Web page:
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Benchmarking I/O ETA algorithms

December 31, 2022
[programming] [tools]

Vifm can show some statistics about an ongoing file operation and recently it was suggested to add an ETA there as well. I have an issue with ETAs because of how wrong they often are, so the plan was to find out what’s the best way to implement one before proceeding. Unfortunately, I wasn’t able to find anything useful that could aid in making the decision. I found a lot of frustration about ETAs similar to mine, but essentially no recommendations that were substantiated with anything tangible, so I decided to compare different ways to compute an ETA myself.


The only other test I’ve seen is here, but it compares two specific algorithms (by computing ratio of sums of absolute errors in a suspicious way) and each run produces different results because inputs are random. Not very useful.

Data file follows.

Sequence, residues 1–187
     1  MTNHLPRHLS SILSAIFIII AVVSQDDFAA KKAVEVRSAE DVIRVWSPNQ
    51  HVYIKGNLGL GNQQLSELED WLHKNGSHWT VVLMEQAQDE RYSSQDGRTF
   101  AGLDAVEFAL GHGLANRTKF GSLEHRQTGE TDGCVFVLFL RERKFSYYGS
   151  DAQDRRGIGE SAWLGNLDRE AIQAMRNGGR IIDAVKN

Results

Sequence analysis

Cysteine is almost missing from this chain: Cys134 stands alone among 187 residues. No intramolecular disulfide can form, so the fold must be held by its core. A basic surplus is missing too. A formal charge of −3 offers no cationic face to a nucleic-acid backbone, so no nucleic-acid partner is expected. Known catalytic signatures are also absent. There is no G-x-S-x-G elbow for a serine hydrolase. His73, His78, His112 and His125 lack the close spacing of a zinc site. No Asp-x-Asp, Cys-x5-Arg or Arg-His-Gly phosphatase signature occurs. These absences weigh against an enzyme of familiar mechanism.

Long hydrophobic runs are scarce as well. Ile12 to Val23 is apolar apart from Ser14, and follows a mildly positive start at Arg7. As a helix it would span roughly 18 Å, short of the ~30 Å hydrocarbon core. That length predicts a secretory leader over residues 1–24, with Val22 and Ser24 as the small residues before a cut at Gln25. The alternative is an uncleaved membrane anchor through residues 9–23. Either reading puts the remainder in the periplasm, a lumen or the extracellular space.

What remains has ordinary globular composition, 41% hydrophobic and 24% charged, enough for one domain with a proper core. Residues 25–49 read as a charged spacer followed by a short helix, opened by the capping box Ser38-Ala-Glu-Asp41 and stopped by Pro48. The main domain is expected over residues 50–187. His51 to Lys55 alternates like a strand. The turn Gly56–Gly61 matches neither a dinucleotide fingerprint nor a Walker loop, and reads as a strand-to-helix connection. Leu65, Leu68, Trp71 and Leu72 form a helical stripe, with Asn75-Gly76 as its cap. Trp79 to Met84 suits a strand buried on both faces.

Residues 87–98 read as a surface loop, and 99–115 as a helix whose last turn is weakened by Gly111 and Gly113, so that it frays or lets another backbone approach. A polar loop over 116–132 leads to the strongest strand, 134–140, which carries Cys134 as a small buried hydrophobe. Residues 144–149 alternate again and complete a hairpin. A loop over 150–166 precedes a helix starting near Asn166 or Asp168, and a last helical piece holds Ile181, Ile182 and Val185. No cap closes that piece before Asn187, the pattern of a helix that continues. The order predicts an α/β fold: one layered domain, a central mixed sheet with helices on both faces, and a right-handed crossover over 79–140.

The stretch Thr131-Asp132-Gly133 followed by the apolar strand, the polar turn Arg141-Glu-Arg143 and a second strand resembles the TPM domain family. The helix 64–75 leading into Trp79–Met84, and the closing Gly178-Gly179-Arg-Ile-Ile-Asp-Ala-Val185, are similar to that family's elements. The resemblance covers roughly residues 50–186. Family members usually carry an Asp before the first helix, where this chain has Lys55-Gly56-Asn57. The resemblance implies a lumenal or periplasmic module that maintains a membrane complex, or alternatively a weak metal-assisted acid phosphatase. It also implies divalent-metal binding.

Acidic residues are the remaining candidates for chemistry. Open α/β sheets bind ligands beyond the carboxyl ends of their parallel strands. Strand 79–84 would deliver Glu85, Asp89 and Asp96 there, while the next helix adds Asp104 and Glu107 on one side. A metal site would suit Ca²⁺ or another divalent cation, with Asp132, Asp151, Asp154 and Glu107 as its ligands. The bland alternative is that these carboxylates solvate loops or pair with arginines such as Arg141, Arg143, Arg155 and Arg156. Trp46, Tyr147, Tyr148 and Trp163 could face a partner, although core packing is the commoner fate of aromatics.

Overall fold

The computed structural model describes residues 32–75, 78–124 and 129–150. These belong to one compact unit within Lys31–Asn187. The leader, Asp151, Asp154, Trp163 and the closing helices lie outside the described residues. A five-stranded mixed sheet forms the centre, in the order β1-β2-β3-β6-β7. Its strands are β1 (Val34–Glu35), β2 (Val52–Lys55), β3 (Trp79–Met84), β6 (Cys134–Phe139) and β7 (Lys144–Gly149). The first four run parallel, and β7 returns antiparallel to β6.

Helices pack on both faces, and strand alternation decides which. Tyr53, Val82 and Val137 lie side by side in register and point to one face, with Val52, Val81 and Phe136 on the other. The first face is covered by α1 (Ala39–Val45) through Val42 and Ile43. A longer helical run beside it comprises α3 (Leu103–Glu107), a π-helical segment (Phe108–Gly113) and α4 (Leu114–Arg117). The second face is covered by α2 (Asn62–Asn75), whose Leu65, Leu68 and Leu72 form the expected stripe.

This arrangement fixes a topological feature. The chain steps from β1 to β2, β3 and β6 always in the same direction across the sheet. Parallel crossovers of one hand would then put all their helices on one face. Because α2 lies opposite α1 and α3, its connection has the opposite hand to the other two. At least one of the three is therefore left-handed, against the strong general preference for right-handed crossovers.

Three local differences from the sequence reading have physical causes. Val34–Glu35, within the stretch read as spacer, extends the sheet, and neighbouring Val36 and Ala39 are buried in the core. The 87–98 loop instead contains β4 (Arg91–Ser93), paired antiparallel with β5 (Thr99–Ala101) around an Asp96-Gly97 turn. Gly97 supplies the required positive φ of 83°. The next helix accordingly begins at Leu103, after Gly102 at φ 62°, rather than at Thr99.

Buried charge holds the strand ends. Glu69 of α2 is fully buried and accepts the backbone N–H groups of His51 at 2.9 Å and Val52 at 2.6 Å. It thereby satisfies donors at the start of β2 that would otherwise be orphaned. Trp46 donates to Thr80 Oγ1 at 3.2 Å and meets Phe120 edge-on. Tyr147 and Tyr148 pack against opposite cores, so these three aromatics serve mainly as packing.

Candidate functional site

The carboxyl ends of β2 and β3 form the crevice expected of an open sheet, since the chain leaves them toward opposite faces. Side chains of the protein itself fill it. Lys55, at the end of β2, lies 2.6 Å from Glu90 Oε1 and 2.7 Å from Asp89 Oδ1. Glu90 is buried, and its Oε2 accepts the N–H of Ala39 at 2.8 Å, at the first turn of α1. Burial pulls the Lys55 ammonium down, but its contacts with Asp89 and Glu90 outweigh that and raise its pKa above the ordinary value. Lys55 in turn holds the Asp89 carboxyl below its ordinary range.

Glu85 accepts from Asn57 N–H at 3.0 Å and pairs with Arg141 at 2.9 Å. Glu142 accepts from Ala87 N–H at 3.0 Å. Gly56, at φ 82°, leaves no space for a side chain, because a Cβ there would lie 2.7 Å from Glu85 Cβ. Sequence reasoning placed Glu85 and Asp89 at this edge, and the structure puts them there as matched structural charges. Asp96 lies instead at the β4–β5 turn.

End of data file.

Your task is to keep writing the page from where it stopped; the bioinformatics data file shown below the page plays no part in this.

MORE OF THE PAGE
No need to postpone this until the very end. The benchmark itself is here under a very inventive name of etabench (this post corresponds to the state fixed at post branch). Results are:

benchmark's report

There is a column per algorithm and their order reflects result of the benchmark. Cells of the table indicate accuracy of an algorithm on that profile in percents relative to the ideal ETA for the profile. Numbers after a colon are ranks within a profile (if there is a tie, two results will have the same rank). Green means the best result in the row (so for a particular profile), red means the worst one and light yellow indicates everything in between.

In a form of a plot results can be seen here (3.6 MiB). This includes only algorithms enabled by default and it’s already barely readable. Here and below plots won’t be embedded, because their file size is quite large and resolution is larger than 4000x3000, so scaled down versions are useless anyway.


This is primarily targeting I/O operations in a file manager and results might be biased toward this particular usage as that’s the use case I’m thinking about.